Wednesday, November 4, 2009

Images in Advertising

By Mike Stadler

No matter where we look, whether it is online, the television, or in magazines we are consumed by the bright colors and slogans of the advertising images presented to us.  Each company has their own logo, but inside these logos they will have unique images for their products that they sell.  Why are images so important in advertising? We have been attracted to the pictures from a very young age and those habits will stick with us forever.
 The most important part of an advertisement is the image that it presents to the intended audience.  The image could present an average guy drinking a beer while talking to a good looking woman.  This image tells the male audience that if you drink this beer then you will be able to talk to women like that.  It could also present the image to women that drinking a beer in a certain manner is attractive.  The first example is known as indirect advertising (Phillips, 2005).
Indirect advertising allows the company to give off more messages then the spoken one.  For instance a beer company is advertising the quality of their beer, but there are multiple messages being conveyed through the images.  “Clearly, advertisers have come to believe that making indirect claims can confer some advantage over making direct claims” (Phillips, 2005).
The importance of the use of images in advertising has increased with the popularity of indirect advertising campaigns.  There are many reasons for the switch from direct messages to indirect messages, but the biggest is the amount of time consumers actually take to read or listen to the intended message.  Most consumers will look at just the pictures in advertisements and only if the picture captures their attention will they read the intended message.  Each of these specially designed ads try’s to create an identity for the company.  The identity created through advertisements will allow the consumer to relate to the company logo and take notice to these ads through brand awareness.
Brand awareness is defined as the extent to which a brand is recognized by potential customers and is correctly associated with a particular product (Brand Awareness Definition, 2009).  One of the key components of brand awareness is the company logo.  This logo needs to be something unique to the company that their target audience can easily identify with.  It could be something such as the Nike swoosh, the Chanel C's, or even the Clydesdales of Anheuser Busch.  If the logos serve their purpose each time they are seen by the consumer it will trigger reaction from the consumer to the logo, from the logo to the product, and hopefully the product to the consumer.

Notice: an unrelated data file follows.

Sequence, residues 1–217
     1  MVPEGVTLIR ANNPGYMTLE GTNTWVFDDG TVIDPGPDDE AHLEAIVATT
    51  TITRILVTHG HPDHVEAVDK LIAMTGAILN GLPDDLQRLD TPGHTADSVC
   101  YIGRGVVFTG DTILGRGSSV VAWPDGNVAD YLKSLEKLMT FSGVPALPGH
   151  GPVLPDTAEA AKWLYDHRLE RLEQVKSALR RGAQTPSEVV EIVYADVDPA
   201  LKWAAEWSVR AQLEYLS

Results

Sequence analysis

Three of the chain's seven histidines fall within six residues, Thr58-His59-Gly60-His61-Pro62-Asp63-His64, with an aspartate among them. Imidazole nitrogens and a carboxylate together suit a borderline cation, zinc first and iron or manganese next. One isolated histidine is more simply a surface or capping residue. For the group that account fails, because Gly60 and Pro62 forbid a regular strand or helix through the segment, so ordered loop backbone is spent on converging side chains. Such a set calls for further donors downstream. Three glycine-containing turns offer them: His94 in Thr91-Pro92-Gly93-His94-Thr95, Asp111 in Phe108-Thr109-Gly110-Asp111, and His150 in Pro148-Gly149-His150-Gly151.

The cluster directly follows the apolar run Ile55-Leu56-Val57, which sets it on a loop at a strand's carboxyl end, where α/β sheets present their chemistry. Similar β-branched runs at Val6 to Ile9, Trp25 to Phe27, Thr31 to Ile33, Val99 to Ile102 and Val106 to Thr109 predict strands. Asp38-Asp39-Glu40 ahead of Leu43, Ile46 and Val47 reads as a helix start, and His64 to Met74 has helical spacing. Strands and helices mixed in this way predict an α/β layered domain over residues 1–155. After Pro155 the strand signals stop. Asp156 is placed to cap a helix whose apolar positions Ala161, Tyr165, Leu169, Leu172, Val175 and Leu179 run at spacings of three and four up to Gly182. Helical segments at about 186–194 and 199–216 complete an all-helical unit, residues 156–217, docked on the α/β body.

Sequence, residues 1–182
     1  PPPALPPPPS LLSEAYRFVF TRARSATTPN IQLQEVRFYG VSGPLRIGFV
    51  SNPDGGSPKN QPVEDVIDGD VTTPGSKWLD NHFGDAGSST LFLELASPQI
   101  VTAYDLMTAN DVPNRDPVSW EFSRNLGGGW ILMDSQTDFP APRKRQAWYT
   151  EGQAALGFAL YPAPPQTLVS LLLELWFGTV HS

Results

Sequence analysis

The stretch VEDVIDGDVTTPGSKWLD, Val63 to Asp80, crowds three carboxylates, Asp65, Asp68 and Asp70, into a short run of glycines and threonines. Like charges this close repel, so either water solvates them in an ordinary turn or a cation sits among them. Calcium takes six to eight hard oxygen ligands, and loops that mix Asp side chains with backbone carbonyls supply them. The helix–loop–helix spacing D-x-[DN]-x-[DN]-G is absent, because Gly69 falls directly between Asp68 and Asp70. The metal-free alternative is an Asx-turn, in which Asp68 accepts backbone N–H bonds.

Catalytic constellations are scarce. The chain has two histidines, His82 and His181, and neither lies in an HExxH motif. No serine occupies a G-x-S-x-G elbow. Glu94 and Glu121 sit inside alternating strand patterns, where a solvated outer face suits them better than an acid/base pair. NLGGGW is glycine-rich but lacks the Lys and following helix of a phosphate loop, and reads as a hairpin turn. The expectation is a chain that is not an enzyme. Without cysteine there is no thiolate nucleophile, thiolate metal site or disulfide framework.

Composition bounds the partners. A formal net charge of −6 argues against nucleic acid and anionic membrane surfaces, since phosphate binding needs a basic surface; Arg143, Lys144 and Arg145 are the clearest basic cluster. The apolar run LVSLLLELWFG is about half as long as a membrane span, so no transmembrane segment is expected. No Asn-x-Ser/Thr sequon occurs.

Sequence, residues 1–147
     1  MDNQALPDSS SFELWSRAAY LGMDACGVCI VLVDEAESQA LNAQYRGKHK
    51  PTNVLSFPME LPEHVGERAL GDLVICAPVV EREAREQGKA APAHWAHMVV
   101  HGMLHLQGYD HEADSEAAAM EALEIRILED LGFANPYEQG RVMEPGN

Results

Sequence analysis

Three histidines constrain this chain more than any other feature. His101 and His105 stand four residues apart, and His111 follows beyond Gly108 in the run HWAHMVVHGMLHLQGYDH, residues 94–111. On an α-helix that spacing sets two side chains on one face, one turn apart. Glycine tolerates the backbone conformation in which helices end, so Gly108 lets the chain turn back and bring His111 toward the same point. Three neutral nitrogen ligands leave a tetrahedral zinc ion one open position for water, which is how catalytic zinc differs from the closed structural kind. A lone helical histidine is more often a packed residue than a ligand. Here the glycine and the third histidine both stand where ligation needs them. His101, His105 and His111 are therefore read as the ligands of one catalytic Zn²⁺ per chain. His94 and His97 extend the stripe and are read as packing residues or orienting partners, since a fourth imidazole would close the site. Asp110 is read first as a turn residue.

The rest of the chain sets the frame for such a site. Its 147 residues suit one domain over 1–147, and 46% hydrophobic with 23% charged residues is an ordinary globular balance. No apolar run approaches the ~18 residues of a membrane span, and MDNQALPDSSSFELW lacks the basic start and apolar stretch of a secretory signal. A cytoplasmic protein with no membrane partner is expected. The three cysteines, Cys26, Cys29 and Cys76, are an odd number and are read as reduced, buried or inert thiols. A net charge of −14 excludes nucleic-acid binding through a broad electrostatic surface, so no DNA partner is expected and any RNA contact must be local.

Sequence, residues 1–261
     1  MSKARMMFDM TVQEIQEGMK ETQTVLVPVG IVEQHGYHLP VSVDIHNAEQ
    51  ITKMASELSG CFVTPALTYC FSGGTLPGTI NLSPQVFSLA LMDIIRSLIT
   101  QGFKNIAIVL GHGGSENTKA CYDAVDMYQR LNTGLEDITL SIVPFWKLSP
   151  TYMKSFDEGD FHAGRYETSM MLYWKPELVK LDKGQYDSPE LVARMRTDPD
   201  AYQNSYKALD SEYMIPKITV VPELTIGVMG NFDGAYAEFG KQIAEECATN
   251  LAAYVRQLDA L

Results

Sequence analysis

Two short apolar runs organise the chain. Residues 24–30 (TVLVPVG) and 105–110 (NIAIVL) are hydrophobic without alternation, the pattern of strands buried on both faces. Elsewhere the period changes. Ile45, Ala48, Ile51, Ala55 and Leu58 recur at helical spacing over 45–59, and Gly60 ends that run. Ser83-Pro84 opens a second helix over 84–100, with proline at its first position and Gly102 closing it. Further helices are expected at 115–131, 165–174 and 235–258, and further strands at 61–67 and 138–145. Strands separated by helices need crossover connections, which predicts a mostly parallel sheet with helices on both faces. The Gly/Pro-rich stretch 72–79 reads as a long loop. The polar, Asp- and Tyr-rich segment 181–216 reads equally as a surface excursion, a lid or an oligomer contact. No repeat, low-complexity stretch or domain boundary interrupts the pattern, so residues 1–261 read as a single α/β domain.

Now that the advertisements have persuaded the consumer to buy the product they will be met with more techniques to try and persuaded them even further to buy products they had not planned on purchasing in the first place.  If they choose to buy online they will be met with brightly colored advertising banners and special discounts.  If internet shopping is not quite their style then going to the store could be even worse when it comes to persuasion.  At the store the everyday items are kept in the back.  This will force the consumer to go pass the multitude of isles and temptations that can pull on any consumer’s wallet.  Organizing the store in this way is just one of the tactics used.  Some of the others include no clocks on the walls creating the illusion that time is not a factor.  The next form of persuasion at the store uses brightly colored packaging at a child’s eye level to induce the "I want's."  These products that appeal to children will use characters that the children have seen on TV advertisements, once again coming from the indirect form of persuasion.
Images play a vital role in today’s advertising campaigns and will continue to be utilized as a tool to persuade and draw consumers to products.  As consumers we are constantly influenced by these images and choose what we will inevitably purchase.  What will be the next image that convinces you to buy that latest necessity?

Brand Awareness Definition. (2009). Retrieved September 27, 2009, from

Phiillips, B. J. (2005, June 22). Indirect persuasion in advertising: how consumers process metaphors presented in pictures and words. Retrieved September 27, 2009, from

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